The headline for this USA Today BEA wrapup from Carol Memmott is “Glitterati outshine literati at BookExpo.” That’s funny. Because I saw plenty of small press booths crowded big-time on Friday and Saturday. I saw an NPR reporter talking with Dennis Loy Johnson. I saw oodles of folks converge upon the Independent Consortium party. The list goes on.
Granted, the main booths at Random House and Time Warner were crowded shitstorms. But then I didn’t come to BEA to touch John Irving’s hem. I came to find out about upcoming releases, meet people I had corresponded with, and get a better sense of how the publishing industry operated.
So far, in the reports that have been proffered, there seems to be two common reactions to BEA floating around:
1. Big popular names occluded the little guys.
2. This was a despicable showcase about the “business” of books, rather than books themselves.
In response to Point (1), I should point out that nobody is holding a gun to your head to see Billy Crystal. Nobody is forcing you to waste your time standing for about an hour in line to get two minutes with Spike Lee. BEA is really an experience that an individual makes of it. Reading Carol Memmott’s article, you would think that literary people were nowhere to be found. But the fact of the matter that it was Memmott, a reporter who purports to “cover books” for a major newspaper, who decided that Billy Crystal’s schtick, Candace Bushnell, and Tab Hunter were more important (and I’m giving Memmott a generous margin here) than getting a goofball report (as I did) about Anne Rice’s latest novel or (more nobly) finding out about the interesting novels in translation that Farrar Strauss & Giroux were profiling.
There was no shortage of interesting books at BEA to write about. And there were limitless people to talk to.
Memmott’s article then is not really about books at all, but about a journalist “reporting” who was at the autograph table — information readily available at the BEA main site — and an opportunity to hobnob with Tab Hunter about his sexuality. What then distinguishes this nonsense from a People Magazine profile?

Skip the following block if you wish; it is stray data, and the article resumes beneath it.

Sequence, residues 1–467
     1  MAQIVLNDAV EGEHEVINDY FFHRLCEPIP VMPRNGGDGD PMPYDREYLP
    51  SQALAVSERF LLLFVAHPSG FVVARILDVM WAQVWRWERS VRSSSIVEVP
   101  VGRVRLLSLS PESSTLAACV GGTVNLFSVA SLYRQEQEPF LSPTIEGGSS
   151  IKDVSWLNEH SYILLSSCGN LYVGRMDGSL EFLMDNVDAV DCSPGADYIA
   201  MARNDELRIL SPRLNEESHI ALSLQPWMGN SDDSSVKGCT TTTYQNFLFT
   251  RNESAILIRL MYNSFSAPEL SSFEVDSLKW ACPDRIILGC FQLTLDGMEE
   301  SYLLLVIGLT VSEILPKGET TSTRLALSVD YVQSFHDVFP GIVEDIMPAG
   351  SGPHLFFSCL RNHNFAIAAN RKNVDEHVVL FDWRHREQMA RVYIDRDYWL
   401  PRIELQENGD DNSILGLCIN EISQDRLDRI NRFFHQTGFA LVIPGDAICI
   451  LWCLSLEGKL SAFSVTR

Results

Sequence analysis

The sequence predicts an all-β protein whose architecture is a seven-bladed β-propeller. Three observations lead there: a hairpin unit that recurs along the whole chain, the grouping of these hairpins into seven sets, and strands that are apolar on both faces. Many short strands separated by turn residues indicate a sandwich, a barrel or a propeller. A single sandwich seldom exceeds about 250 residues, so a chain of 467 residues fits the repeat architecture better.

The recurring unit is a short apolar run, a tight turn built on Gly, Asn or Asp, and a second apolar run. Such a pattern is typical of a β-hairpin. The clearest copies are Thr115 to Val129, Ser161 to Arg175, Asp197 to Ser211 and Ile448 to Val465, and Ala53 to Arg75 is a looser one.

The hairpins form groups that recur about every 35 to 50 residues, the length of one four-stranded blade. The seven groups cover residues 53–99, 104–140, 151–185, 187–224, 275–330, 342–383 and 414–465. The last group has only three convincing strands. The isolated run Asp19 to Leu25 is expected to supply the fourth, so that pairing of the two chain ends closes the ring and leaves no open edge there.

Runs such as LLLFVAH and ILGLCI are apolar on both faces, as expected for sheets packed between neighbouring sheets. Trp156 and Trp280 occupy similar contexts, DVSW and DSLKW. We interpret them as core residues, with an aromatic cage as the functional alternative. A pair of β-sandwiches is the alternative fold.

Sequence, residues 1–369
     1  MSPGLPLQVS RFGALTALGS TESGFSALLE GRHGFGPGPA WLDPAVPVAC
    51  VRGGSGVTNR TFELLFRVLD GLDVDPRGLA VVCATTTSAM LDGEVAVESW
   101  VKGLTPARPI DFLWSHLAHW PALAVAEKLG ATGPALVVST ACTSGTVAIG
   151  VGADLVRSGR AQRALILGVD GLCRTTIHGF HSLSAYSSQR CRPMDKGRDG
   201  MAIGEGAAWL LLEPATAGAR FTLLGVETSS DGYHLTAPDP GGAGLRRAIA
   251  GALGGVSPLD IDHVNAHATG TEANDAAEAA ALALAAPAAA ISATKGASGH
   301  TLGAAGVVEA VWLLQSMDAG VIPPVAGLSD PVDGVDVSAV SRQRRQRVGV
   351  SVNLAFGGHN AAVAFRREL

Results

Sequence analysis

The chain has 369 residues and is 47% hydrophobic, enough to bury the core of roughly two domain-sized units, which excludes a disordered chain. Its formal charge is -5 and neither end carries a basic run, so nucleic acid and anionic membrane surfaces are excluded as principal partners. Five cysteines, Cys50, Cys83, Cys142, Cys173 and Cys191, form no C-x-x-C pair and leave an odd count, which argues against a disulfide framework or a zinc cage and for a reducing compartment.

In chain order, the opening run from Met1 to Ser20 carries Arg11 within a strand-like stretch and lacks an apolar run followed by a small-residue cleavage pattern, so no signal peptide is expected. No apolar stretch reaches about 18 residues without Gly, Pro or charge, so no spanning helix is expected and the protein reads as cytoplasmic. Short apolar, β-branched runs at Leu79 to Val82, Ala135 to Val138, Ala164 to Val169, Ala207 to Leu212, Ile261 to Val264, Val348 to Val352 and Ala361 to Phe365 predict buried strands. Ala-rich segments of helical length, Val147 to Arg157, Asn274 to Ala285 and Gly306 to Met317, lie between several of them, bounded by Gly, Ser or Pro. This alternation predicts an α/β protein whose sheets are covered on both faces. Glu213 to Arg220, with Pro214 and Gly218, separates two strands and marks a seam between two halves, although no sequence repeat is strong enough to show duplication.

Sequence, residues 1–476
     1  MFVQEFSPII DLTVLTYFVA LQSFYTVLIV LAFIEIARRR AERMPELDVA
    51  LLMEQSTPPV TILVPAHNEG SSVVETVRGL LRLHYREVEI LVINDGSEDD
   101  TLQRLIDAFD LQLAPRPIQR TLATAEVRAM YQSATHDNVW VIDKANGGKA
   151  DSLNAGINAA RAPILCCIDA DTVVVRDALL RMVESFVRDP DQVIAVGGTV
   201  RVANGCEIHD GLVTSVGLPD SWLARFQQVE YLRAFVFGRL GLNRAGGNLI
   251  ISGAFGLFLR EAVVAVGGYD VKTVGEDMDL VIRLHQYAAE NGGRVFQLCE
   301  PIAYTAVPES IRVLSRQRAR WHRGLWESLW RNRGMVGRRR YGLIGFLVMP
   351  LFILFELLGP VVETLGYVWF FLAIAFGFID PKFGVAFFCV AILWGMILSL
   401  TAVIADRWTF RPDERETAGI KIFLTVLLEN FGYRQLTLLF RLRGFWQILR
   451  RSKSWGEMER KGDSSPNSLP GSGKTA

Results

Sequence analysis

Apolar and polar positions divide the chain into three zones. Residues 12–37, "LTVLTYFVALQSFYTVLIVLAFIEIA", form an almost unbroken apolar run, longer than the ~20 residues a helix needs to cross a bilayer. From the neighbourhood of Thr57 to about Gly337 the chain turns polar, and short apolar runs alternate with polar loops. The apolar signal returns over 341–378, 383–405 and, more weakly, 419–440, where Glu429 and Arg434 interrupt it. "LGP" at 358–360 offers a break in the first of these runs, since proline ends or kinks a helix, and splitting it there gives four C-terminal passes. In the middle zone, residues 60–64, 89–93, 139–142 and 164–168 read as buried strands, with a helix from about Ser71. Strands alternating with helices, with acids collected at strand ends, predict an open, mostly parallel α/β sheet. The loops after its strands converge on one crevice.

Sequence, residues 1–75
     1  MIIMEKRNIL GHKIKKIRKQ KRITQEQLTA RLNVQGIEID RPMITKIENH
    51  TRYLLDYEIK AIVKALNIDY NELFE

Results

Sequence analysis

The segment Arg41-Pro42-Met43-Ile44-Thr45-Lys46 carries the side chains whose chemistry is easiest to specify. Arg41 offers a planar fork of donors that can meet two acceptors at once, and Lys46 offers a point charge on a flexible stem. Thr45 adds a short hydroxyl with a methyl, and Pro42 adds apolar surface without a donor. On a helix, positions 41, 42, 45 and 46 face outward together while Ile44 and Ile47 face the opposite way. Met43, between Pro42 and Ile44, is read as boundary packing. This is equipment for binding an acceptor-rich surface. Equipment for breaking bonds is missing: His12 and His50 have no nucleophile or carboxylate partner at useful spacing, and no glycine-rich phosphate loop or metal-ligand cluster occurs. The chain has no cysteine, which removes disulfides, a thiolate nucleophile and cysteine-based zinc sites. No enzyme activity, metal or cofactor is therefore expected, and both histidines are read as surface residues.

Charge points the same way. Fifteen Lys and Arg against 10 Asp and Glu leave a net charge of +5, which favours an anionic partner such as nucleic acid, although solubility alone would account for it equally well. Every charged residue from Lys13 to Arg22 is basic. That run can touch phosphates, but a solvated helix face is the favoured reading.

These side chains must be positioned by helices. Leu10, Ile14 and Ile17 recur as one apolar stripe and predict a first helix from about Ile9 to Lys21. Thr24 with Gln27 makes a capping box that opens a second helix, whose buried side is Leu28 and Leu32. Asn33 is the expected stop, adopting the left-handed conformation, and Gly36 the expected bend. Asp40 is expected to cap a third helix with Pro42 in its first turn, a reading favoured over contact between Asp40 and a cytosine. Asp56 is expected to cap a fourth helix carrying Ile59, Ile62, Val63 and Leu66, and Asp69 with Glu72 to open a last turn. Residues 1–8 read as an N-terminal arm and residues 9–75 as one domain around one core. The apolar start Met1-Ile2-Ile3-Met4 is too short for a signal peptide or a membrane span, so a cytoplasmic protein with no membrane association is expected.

As to Point (2), I don’t necessarily believe that thinking about the publishing of books detracts from the appreciation of books as works of art, provided that one keeps the lines of thought separate. In fact, I’d say that it’s pretty damn essential for us to be thinking about the business of publishing a little bit, if only so we can understand why certain books get published and others don’t. It is the business, as unsavory as it may be, that determines who are the midlisters, who are the A-listers, and who are left ignobly in the remainders piles.
Why then should we ignore it? If book lovers cut this area of thought from their ruminations, then in my view they are no different than the book publishers who often fail to recognize the book community. Maybe it’s the idealist in me, but I personally believe that if this chasm is bridged in some way, that if both sides make an effort to understand each other’s needs, the book climate can only be improved. Literary lovers get the books they want published and publishers discover the conduits in which to make their literary fiction sell.
Part of the problem is that publishers view the publishing business with a “winner take all’ approach. They dwell upon the Billy Crystals and the Candace Bushnells of our world who need to add rumpus rooms to their palatial Park Avenue estates. Memmott is culpable here, because her article is echoing this hard line. The duty here is for all sides to think and act more flexible about literature and to consider that sometimes a small press title or a book distributed through the streets might just turn a profit in its own right. And the duty for all journalists is to remain unseduced by celebrity bloat and realize that 30,000 people descend every year because it’s about the books, stupid.